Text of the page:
Days of Their Lives: The Limits, Possibilities, and Parallels of Media-Ted Research during a Pandemic

On a regular day, a Hindi soap opera production set in Mumbai is home to upwards of 100 artists and technicians – production associates, actors, make-up artists, costume artists, lighting technicians, assistant directors, creatives, and spot boys.  Their collective efforts ensure that audiences have new episodes to look forward to daily. Come rain, hail, or shine, through collaborations and conflicts, together they build melodramatic worlds that entertain millions of households in India. But what happens when the meaning of “regular” is redefined? What happens when even two become a crowd? When the first wave of COVID-19 hit Mumbai in March 2020, it brought, among other things, the Hindi soap opera industry to a halt. Daily production activities of soap operas across channels were abruptly paused. Sets had to be abandoned in haste when a citywide lockdown was announced. The absence of film work meant that workers would go without payments (read more...)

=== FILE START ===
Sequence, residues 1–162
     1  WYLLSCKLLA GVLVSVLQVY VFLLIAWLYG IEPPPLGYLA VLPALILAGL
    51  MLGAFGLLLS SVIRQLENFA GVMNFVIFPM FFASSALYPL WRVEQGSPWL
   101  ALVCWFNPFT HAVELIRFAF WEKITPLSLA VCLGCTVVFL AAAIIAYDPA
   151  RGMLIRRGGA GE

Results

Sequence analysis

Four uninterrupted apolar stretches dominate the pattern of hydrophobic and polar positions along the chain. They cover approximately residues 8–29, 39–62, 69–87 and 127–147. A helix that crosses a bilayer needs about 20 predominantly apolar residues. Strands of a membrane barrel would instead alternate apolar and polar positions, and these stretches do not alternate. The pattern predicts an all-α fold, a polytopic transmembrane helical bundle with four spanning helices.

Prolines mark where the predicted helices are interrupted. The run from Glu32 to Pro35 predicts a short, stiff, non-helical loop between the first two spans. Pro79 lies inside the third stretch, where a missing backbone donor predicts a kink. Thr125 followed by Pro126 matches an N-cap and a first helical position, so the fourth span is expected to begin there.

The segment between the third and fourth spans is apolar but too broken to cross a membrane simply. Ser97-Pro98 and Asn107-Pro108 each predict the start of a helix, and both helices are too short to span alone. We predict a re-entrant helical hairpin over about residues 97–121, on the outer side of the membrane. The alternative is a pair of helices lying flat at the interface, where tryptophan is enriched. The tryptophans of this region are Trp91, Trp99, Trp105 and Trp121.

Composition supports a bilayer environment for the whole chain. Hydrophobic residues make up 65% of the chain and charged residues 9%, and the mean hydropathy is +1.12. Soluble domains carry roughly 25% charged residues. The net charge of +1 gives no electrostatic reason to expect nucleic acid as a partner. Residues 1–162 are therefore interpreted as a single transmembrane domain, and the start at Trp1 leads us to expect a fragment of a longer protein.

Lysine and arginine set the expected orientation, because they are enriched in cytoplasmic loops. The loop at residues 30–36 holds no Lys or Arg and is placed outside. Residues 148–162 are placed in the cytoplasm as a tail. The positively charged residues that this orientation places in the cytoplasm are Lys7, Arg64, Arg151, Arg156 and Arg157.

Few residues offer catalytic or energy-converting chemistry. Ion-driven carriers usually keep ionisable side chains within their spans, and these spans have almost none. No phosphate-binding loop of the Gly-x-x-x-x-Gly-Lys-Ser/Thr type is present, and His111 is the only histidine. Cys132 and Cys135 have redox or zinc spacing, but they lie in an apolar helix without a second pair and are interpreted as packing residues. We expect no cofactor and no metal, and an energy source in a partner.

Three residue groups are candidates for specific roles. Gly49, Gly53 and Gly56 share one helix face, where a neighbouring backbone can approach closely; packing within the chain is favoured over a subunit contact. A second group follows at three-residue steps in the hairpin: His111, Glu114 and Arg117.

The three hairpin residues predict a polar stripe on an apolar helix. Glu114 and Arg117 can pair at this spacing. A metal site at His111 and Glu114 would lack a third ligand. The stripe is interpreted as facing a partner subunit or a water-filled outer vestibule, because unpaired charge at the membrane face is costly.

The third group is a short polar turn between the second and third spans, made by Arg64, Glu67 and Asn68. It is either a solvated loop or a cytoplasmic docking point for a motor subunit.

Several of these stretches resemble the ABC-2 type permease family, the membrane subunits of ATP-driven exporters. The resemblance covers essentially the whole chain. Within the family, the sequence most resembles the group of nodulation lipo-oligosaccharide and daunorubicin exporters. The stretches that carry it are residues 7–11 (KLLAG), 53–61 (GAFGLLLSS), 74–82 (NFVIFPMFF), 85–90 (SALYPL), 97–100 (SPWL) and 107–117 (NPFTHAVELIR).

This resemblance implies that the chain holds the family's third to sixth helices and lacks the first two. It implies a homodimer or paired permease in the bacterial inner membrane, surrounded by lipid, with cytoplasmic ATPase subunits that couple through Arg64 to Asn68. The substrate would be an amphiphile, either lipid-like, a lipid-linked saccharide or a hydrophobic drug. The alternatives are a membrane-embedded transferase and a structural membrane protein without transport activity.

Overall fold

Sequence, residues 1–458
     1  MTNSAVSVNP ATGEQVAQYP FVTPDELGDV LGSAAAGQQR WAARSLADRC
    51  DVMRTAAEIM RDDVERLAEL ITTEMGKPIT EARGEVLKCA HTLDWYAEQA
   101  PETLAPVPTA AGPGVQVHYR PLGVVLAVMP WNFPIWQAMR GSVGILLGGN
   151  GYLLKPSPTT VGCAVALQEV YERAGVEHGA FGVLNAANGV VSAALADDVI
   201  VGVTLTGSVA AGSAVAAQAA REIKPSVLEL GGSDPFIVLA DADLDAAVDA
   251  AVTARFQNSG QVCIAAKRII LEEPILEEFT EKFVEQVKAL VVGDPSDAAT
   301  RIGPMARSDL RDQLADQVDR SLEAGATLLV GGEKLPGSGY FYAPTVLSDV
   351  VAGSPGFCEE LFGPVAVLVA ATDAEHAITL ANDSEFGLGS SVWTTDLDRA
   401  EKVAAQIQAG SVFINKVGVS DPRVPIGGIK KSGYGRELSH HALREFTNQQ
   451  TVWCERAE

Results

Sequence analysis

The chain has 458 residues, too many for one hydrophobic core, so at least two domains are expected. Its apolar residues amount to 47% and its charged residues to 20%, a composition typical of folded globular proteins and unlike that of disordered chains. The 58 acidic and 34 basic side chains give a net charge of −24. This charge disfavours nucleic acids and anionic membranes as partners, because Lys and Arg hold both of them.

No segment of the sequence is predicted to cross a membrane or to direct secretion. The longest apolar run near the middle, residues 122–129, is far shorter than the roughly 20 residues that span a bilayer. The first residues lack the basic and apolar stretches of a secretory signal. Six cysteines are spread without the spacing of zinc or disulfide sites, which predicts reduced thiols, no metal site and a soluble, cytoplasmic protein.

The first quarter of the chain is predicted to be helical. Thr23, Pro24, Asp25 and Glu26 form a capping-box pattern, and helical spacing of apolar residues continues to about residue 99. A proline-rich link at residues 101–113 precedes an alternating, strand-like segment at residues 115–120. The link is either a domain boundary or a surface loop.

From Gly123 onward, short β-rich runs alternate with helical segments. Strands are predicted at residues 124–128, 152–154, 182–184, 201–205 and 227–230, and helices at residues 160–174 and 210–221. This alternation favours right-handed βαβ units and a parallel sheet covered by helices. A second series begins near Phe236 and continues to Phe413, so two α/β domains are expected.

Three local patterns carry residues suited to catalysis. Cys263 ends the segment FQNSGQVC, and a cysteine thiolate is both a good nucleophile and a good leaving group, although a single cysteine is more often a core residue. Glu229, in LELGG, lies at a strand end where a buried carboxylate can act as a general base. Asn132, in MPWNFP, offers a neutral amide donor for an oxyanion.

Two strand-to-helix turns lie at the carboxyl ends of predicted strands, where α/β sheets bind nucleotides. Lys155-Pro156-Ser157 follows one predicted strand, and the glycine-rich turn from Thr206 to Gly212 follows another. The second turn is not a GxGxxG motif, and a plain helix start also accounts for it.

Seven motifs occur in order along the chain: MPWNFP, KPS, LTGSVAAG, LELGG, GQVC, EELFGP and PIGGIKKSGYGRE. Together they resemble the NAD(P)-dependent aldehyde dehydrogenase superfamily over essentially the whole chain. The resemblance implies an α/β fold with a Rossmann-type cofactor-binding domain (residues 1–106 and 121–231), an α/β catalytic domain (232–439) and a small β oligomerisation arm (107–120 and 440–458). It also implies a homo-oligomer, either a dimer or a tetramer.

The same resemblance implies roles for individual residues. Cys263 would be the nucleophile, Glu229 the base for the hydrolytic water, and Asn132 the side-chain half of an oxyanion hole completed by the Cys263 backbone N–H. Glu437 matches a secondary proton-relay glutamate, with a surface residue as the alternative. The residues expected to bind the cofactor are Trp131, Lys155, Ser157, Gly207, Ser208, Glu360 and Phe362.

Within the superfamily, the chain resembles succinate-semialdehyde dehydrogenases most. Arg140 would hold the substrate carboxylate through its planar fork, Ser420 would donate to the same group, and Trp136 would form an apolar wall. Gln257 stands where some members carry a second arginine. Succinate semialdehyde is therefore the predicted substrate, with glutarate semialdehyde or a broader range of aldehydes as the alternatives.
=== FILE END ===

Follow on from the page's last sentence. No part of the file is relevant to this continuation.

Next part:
Girls, Gadgets, and Gatekeepers: What is Ethical Feminist Fieldwork When Working with Children?

There is no Institutional Review Board (IRB) or equivalent body in India. The ethics of research are left to the purview of researchers, their supervisors, and departments. Therefore, as an international PhD student, I first encountered the IRB when planning my MA project at UC Irvine, where I investigated the intersectional effects of gender and class within the family, and how they shape differential access to mobile phones for adolescents in urban India. (read more...)